By Sam E. Stone
Love, Laughter and Leadership: The Ministry of Wayne B. Smith
By Rod Huron
Host Communications (Lexington, Kentucky); $17.95; 276 pages
What do you get if you combine one of the best writers in the Christian churches with one of the best-loved preachers in this fellowship? The answer—a wonderful new book! Love, Laughter and Leadership is the recently released biography of Wayne B. Smith, longtime minister with Southland Christian Church of Lexington, Kentucky.
Smith is known for his effective use of humor. Some have called him “the Bob Hope of the Christian churches.” When you read his life story, you’ll understand why. It’s not that he is always reading joke books; he doesn’t use them (page 86). People tell him their favorite stories and he remembers them. Moreover, he has a bright outlook on life, looking for things to enjoy and for ways to make others happy. When you see him chuckling over a story he’s telling (long before he gets to the punch line), you can’t help but smile. When he laughs, you laugh.
The book includes many of his favorite stories. Sprinkled throughout are some of his favorite sayings and quotations (e.g. “You can’t make good decisions on an empty stomach.” “When the horse is dead, get off. Some methods need to be put to rest.”) Many of his one-liners are included (“Don’t ever go to a Baptist hospital. They believe ‘once sick, always sick.’”) You come to understand that a lot of his humor comes not from telling jokes, but simply from being funny.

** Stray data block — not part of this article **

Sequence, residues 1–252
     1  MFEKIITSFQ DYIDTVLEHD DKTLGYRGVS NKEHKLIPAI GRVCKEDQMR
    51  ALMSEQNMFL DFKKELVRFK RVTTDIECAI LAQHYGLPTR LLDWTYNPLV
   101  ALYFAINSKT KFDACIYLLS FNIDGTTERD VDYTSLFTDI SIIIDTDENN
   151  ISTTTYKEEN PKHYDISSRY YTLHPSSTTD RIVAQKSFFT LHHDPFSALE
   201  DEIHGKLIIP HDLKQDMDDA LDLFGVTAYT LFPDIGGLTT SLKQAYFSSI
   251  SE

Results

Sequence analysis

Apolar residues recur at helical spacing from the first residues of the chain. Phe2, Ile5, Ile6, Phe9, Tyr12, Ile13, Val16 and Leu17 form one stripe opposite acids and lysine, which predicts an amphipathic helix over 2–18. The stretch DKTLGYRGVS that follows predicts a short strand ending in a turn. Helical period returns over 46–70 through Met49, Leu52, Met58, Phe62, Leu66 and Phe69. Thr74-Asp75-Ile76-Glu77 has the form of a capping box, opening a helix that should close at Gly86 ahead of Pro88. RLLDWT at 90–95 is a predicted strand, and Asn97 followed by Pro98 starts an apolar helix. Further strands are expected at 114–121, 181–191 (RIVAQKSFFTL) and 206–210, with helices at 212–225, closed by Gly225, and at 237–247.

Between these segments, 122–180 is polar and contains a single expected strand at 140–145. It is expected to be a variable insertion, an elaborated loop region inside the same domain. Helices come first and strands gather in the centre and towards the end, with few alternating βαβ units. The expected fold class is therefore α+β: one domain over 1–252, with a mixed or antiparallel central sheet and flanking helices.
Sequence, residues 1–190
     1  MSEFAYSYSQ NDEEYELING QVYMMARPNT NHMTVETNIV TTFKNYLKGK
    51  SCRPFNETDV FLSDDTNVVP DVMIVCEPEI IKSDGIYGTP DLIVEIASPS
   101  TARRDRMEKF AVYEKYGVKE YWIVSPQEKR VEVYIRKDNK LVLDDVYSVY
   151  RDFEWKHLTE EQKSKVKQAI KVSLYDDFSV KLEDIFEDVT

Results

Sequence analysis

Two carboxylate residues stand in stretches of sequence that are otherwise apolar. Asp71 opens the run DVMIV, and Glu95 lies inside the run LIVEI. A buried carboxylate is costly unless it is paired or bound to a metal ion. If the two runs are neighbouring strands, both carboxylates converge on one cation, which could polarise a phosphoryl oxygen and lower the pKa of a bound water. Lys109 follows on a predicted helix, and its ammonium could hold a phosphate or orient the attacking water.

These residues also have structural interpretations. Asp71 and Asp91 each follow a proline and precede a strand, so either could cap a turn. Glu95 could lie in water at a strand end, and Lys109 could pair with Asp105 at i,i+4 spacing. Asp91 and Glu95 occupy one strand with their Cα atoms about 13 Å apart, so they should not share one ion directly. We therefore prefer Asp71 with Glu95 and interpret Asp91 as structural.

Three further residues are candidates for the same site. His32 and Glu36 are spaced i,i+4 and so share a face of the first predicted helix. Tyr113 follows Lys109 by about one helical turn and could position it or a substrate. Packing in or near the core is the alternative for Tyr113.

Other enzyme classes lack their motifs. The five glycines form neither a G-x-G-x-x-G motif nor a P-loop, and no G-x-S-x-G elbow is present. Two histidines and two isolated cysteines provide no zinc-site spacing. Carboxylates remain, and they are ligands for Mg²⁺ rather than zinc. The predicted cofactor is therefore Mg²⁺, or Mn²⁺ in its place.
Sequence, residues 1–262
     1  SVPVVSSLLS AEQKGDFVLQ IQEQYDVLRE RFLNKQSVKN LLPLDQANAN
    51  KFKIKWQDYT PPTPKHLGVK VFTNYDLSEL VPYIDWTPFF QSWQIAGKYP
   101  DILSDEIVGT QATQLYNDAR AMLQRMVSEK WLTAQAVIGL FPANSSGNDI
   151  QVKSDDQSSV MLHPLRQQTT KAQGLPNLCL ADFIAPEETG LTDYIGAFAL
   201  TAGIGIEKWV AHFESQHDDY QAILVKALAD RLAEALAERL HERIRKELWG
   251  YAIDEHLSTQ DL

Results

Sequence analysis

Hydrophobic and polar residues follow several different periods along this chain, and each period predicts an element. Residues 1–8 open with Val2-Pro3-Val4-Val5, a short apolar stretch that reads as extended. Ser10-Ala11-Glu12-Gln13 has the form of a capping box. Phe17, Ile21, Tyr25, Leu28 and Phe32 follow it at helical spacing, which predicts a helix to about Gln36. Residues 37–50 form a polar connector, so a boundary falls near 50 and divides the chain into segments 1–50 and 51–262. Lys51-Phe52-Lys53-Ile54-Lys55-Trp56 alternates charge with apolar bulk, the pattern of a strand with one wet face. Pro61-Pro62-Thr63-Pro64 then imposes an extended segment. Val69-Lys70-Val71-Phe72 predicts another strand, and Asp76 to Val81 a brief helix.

The book takes you from Smith’s boyhood (growing up near the Ohio River in Cincinnati), to study at Cincinnati Bible Seminary, his first ministries, and how he came to be the founding preacher of Southland Christian Church. You learn about places he often mentions—Starlight Restaurant, Myrtle Beach, and his weekly sermon study group meetings.
You meet many who have blessed his life; you also read powerful testimonies to his influence from major figures in Kentucky—people like Gov. Ernie Fletcher, former Gov. Martha Layne Collins, and legendary basketball coach Joe B. Hall.
You find out how his good friend Bob Russell first met him. In 1964 Smith took time to talk with two discouraged Bible college students. Russell explains, “He did not know us, but he got up and had breakfast with us. I’ve admired him ever since” (page 102). Another longtime friend, Jack Ballard, wrote, “Wayne believed that he could build the Lord’s church with shoe leather, automobile tires, and an abundance of genuine love. And he was right!” (page 32).
Rod Huron introduces the reader to Marge, Wayne’s wife of 53 years. You get to know his daughters, Jana and Judy, and their families. The book is a behind-the-scenes look into his life. You see the serious side of this funny man. Quick to laugh, he is also quick to weep. His transparency and humility are genuine (page 135). His generosity is legendary.
When he retired from Southland, he stepped away completely from leadership in the church. Smith wrote, “It is time to turn the page and move on. Rearview mirrors have value, but they make terrible windshields” (page 228).
The book includes 16 pages of pictures chronicling his experiences, along with a list of his “favorites,” his “mosts,” and his awards and highlights. A chart shows that in his first eight years after retirement, Smith preached or spoke for an event nearly four times a week, and he continues to do so as opportunity and health permit (page 234).
All who have been blessed by knowing Wayne Barron Smith and enjoying his preaching over the past 50 years will treasure this book. Those who don’t know him will feel like they do because of this well-written account of his ministry.
Sam E. Stone is retired editor of Christian Standard.
To order the book, contact Joseph-Beth Booksellers (800-248-6849 or 859-873-2911), or the bookstore at Cincinnati Christian University (513-244-8134) or Kentucky Christian University (606-474-3239; email@example.com).